March 29, 2009

Ducks Of A Feather

It appears Digicolleen over at The Duck Show and I were thinking the same way this morning... or at least our duckies were.  A couple of hers are in Hawaii (wellllll...), while three of mine had been pestering me to let them go sunbathing.  I promised I'd let them this morning.

The result?

Three inches of snow and ice fell on Duckford last night.  Oopsie.

(The F1 Update! is coming this evening.)

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March 15, 2009

Want. Want! Wantwantwantwantwantwantwantwant!

So The Brickmuppet and I are chatting, and he tells me that his pal BOB (who is never mentioned on his website) is going to be carrying a "collectible game" that uses rubber duckies as game pieces. 

Oh.  Oh my.  Yes, please.

Duck Duck Go! does, in fact, use rubber duckies as pieces, but they move around a hexagon board as guided by random movement cards, all the while being chased by a "bird dog" that can cause all sorts of havoc to your plans.

The rules (pdf) are simple enough to be understood in just a couple of minutes, but can become complex enough to require strategic thinking, which I really didn't expect.  All in all, methinks I see a new addition to the Flock's collection sometime in the future.  You can get it from APE Games, or from your favorite game retailer, of course.

There is one rule that I think they missed, though... they advertise "100 different duckies" are available as playing pieces (I've already got 34 of them, by the way), but none of them have 'special powers'.  The advanced game introduces action tokens, yes, but that's not quite the same.  For example, a Halloween duckie could scare the bird dog once a game, which would keep it from bonking you.  A Christmas duckie could give a gift of one hex of movement to any duckie (or the bird dog), which could make the target miss a bouy (or the drain!).  The possibilities are endless... which could make this game even more fun! 

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March 10, 2009

Very Cool Stuff From "Santa".

As most of my regular readers are aware, I've long been fascinated by the War in the Pacific.  For thirty years (at least), I've been a voracious reader of anything I could get my wings on related to that conflict.  While I've been interested in anything that happened in those years, over time I've also narrowed my focus down onto the Battle of Midway.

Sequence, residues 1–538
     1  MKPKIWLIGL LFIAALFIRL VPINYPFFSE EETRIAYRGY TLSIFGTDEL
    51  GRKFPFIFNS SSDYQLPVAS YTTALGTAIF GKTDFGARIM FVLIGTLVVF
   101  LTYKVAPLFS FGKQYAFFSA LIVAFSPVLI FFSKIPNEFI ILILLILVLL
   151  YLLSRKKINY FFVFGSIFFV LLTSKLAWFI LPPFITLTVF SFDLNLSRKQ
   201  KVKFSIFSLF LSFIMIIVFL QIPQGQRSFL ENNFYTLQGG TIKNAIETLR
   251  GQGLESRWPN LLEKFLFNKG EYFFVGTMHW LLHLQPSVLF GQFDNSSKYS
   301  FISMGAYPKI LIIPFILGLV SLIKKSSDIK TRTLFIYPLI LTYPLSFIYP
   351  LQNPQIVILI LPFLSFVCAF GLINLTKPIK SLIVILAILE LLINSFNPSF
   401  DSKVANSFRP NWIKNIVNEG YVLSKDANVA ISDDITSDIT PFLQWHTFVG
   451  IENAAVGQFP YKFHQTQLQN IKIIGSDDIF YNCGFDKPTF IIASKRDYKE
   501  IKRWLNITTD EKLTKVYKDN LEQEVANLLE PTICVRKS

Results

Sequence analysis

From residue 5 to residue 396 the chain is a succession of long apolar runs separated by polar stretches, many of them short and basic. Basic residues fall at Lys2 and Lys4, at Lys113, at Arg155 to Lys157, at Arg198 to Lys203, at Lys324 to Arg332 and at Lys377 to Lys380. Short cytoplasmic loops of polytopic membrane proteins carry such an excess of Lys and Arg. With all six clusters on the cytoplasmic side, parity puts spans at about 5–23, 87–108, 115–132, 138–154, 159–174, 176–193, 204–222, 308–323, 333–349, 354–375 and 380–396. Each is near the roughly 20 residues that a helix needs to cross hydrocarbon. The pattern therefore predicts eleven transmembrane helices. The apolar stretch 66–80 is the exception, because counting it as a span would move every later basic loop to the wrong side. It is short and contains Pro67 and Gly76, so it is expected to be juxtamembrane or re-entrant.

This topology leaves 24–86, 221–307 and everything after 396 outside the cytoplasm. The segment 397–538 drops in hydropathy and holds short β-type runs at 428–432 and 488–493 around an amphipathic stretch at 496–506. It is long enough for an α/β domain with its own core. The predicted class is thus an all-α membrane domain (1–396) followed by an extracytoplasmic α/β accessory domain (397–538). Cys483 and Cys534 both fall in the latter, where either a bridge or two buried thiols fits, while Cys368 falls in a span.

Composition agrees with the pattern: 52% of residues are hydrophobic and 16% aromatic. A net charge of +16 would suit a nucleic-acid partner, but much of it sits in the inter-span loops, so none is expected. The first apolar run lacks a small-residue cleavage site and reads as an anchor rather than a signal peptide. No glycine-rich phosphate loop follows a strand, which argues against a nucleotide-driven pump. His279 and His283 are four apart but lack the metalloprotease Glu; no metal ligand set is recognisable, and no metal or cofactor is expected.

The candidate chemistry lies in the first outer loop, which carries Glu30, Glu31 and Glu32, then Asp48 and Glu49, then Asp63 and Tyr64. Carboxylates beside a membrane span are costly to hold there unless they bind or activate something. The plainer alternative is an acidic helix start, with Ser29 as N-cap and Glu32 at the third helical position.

As I read the incredible book Shattered Sword, I became aware of something called The Battle of Midway Roundtable (BOMRT).  Calling itself "an international forum focusing on the 'Incredible Victory' at Midway, the turning point of the Second World War in the Pacific," it's something of a clearinghouse for information on Midway.

The most important part of BOMRT, however, is without a doubt the weekly newsletter.  Members ask questions, which are then answered by other members... and the breadth and depth of the knowledge available is immense. 

Currently on the member list are 45 veterans who were actually present at the Battle of Midway, ranging from a Marine on the atoll, to PBY pilots, to Dauntless pilots and gunners, to crewmen from all three US carriers, to the lone TBF Avenger pilot and crewman to survive that plane's baptism of fire (Bert Earnest and Harry Ferrier, flying from Midway as part of the detachment from Hornet's VT-8, both of whom are covered extensively in the book A Dawn Like Thunder).

One member of the BOMRT has gained the nickname of "Santa Claus".  Annually, Ted Kraver goes to a major used book sale and picks up a bunch of military history books.  He then gives them away to other members of the BOMRT as a 'thank you' for the past year's worth of insight and experiences. 

This year, I was one of the lucky recepient of one of Santa's gifts:

Zero Fighter by Martin Caidin and Saburo Sakai... not the duck.
The duck is the mascot of the Duck U. Bookstore.

Thank you very much, Ted Santa!  I'm looking forward to devouring this one.  Incredibly cool of you.

Membership to the BOMRT is free, by the way, and if you have any interest in the Pacific War you owe it to yourself to join.  Why wait?  Do it now!

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March 07, 2009

Congratulations, Brickmuppet!

Way to go!!!

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March 06, 2009